Anthony was transferred from Dublin by ambulance to North West Hospice in Sligo.  I drove down behind him and I will always remember arriving at the front door of this big grey building and being met by a nurse in her blue uniform with a big smile. She held out her hand to shake mine and said, “You must be Mary. You are very welcome to North West Hospice. We are just getting Anthony settled and we have tea and toast for you in the day room, you must be exhausted from your journey. Have that and then come to see Anthony.”

That was as I always describe it … the beginning of a most positive experience at the most heartbreaking time of our lives.

I very quickly realized that this place was totally different from anything I had imagined. The staff was incredible, the consultant, doctors, nurses, healthcare assistants, the catering staff and housekeeping staff. They were all incredibly supportive in a totally non-invasive, friendly and professional manner.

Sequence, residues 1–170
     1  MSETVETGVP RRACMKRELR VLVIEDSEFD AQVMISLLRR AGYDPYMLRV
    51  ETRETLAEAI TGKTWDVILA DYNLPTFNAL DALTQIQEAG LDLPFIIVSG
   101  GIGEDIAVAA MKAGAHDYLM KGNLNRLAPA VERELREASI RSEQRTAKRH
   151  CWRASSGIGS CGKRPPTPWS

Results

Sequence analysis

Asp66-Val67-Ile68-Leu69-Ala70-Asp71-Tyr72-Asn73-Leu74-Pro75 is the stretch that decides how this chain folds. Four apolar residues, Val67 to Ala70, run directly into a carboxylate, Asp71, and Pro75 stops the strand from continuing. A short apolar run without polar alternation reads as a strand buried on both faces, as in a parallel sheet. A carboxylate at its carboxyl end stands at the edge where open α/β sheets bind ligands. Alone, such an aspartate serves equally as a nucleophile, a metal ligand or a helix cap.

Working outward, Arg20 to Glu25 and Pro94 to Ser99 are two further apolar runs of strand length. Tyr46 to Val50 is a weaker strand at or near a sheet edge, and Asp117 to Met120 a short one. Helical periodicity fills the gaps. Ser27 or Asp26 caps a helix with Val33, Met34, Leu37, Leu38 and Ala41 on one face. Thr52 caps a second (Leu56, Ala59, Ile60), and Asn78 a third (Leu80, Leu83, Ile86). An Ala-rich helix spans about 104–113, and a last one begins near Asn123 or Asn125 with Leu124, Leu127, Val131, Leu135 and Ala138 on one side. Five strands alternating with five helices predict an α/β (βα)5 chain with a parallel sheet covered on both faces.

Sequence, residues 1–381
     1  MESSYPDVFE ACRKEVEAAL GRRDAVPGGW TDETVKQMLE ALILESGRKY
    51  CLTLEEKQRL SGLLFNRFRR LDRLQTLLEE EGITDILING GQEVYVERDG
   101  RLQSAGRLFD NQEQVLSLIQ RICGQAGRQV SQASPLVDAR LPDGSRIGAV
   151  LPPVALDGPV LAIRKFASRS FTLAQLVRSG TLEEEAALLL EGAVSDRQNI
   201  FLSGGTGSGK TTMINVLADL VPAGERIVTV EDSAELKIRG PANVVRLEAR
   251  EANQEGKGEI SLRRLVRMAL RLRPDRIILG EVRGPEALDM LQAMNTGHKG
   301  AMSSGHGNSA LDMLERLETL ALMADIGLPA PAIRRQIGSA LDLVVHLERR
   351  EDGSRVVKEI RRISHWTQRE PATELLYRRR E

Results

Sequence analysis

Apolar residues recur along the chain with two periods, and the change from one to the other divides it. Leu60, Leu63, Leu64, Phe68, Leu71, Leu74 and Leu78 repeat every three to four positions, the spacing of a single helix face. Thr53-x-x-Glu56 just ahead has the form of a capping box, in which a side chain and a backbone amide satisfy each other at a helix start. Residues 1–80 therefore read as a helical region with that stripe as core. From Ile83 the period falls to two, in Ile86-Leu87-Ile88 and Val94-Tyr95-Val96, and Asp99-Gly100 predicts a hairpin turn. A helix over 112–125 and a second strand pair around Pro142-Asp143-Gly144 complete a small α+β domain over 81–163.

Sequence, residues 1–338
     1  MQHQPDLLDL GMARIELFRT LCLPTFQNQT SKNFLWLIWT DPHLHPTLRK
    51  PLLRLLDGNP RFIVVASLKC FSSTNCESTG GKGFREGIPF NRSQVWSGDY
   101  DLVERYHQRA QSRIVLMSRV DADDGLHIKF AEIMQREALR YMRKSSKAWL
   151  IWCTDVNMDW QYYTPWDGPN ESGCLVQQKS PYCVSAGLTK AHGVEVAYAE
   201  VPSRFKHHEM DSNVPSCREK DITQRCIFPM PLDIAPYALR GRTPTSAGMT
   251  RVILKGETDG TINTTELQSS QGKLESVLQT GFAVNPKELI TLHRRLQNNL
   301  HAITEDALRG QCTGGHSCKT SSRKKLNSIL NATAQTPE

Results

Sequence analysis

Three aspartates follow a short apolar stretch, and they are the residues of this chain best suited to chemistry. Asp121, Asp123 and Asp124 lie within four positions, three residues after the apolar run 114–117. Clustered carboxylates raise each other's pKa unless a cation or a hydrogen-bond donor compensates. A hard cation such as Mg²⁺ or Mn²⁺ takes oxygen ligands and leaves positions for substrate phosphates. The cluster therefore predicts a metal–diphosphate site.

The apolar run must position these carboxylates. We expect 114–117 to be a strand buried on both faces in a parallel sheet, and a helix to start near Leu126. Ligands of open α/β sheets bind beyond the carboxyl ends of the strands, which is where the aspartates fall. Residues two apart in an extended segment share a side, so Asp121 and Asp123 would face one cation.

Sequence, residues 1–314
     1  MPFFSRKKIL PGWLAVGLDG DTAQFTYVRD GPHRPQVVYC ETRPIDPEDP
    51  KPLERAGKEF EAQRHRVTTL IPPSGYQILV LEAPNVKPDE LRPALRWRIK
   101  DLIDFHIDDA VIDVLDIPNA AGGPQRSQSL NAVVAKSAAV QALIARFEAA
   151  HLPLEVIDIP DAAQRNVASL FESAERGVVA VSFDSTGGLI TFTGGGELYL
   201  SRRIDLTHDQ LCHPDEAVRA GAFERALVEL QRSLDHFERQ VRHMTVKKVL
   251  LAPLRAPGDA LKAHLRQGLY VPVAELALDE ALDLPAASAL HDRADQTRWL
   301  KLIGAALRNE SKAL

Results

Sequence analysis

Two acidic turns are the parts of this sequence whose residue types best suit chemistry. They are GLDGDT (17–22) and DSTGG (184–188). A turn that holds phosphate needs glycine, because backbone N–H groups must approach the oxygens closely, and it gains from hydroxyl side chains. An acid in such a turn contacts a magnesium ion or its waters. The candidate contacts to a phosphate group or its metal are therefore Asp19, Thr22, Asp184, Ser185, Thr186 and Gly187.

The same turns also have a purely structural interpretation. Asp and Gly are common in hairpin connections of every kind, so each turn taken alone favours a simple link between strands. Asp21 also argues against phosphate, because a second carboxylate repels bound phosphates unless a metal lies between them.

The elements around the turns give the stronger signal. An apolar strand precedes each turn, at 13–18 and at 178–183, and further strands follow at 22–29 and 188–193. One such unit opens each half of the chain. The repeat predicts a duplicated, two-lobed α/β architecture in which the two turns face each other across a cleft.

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The clinical team at North West Hospice asked for a meeting led by their wonderful consultant. They suggested that I meet with a surgeon who wanted to discuss Anthony’s treatment. They told me it was not for a cure but to improve his quality of life which at this stage was very poor.  He was on a lot of drugs to manage the pain and all the other symptoms that came with his condition.

I met with the surgeon and he explained that he could do an operation that would give Anthony relief by bypassing his bowel and give him a colostomy. He said that he would not be going near the cancer but it would give Anthony huge relief. It was not without risk as Anthony was quite weak at this stage.